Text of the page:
CANBERRA, Dec 11 - Australia has a lot of work to do if its schools are to meet the goal of being in the top five globally by 2025, experts and Federal Education Minister Peter Garrett acknowledge.
The latest results from international testing of Year 4 and Year 8 students, released on Tuesday, show performance in maths and science has been stagnant since 1995.
They also show about a quarter of Year 4 students can't read at a minimum acceptable standard.
Only one in 10 Australian students reached the advanced international benchmark in all three subjects.
"To say the results are disappointing is an understatement," Australian Council for Educational Research chief executive Geoff Masters said on releasing the studies.
He said it was concerning to see such results from a developed country like Australia.
Federal Education Minister Peter Garrett said the "flat-lining" performance confirmed the need for urgent action in schools.
"These results are a wake-up call for the Australian education community, parents and governments," he said in a statement.
In the Progress in International Reading Literacy Study (PIRLS), Australian Year 4 students were significantly outperformed by 21 other countries, out of 45 countries tested in 2011.
The 2011 Trends in International Mathematics and Science Study (TIMSS) found Year 4 students in 17 countries out of 50 did significantly better than Australians, and in 18 other countries for science.
For Year 8s the news was slightly better, with just nine out of 42 countries outperforming Australia in science and six in maths.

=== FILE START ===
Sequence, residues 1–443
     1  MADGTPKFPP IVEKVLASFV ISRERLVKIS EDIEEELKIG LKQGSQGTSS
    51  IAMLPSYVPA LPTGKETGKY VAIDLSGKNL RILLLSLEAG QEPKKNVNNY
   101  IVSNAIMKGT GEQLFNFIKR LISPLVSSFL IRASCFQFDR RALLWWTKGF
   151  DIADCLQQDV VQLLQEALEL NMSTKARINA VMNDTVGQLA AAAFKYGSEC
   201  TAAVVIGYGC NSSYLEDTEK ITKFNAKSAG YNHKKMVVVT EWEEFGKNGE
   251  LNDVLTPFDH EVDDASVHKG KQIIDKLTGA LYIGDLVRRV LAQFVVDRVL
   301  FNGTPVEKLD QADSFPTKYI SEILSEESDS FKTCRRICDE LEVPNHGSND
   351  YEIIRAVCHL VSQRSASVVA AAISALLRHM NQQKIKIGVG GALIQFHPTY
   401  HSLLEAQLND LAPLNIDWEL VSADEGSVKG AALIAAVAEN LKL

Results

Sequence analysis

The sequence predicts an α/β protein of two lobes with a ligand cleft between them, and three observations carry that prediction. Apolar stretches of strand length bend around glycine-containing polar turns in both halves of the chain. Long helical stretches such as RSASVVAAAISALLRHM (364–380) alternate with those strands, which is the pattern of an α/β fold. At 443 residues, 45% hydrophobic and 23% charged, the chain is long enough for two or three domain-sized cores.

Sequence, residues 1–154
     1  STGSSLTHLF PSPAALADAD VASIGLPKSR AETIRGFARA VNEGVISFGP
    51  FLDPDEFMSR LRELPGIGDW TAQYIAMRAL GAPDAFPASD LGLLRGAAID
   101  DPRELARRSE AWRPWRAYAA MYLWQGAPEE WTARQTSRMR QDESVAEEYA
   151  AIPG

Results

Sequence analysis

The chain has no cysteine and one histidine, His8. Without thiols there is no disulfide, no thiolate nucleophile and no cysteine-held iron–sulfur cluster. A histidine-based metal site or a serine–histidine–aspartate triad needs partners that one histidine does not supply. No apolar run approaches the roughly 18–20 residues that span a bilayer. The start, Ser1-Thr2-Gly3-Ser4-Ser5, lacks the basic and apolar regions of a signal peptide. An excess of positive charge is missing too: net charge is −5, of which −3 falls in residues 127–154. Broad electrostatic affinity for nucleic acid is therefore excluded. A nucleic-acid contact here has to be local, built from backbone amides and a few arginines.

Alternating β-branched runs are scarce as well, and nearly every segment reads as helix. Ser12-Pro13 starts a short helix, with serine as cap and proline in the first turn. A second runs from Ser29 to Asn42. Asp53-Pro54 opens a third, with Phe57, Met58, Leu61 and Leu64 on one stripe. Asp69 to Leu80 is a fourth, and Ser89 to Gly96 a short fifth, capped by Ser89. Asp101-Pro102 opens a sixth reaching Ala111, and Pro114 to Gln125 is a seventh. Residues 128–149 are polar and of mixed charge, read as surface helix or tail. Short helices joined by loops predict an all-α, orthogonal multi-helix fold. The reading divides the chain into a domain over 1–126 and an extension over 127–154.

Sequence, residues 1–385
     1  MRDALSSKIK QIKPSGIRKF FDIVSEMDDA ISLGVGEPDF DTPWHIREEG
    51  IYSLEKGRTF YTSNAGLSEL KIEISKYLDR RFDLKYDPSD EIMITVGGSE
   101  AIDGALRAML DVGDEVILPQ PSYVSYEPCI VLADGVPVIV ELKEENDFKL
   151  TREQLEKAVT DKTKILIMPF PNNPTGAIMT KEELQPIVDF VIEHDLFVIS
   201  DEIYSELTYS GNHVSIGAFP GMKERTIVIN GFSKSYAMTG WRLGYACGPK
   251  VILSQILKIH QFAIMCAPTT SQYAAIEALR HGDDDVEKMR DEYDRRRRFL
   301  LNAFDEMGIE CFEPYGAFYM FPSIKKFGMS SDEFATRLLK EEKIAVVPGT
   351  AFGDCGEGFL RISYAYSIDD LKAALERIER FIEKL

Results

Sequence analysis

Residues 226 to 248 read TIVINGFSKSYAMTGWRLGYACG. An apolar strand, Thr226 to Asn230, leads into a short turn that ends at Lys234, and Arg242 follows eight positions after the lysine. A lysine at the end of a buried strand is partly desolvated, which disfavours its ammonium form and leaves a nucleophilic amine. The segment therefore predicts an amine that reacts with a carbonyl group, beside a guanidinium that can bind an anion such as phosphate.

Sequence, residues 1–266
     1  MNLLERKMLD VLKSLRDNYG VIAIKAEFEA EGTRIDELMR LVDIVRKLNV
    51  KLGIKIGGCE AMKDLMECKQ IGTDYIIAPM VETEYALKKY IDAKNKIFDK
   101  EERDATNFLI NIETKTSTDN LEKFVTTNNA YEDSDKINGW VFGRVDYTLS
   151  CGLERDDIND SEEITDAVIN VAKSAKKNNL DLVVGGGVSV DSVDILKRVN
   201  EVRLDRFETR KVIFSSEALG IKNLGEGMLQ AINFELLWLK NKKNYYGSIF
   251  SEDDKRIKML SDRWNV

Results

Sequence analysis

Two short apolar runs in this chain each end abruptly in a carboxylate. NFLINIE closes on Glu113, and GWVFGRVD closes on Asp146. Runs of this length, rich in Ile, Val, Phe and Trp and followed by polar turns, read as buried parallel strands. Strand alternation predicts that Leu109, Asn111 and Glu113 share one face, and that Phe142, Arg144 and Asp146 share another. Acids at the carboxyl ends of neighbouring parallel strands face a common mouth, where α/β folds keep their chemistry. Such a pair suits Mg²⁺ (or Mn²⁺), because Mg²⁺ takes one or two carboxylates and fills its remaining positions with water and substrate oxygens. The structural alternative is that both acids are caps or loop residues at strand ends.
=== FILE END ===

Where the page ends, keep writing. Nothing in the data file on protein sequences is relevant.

But the trend showed that except for an improvement in Year 4 maths results between 1995 and 2011, Australian students' performances stagnated over the past 16 years.
At the same time, many other countries either dramatically or steadily improved their performances.
Masters said if we continued on the current path, it was difficult to see how Australia would be in the top five for maths, science and reading by 2025.
"We need to look carefully at what improving countries are doing to see what lessons there are for Australia," he said.
"These latest results underline the enormous challenge we face if we are to lift Australian achievement levels in reading, mathematics and science to the levels of the highest performing countries."
He said meeting that challenge needed a well-planned and co-ordinated effort that involved governments, education systems, schools, parents and the broader community.
Garrett did note that while the PIRLS and TIMSS results were for 2011, the testing took place in late 2010 before the new national curriculum began and before the bulk of recent government investment in schools had been spent.
Since then, the government had seen good signs of improvement, particularly among schools running specialist programs, he said.
"But we clearly need to do more," Garrett said.
"These results just aren't good enough if we want Australia to remain competitive and prosperous in the Asian century."
He was hopeful the national plan for school improvement, the Labor government response to the Gonski school funding review, would lift results.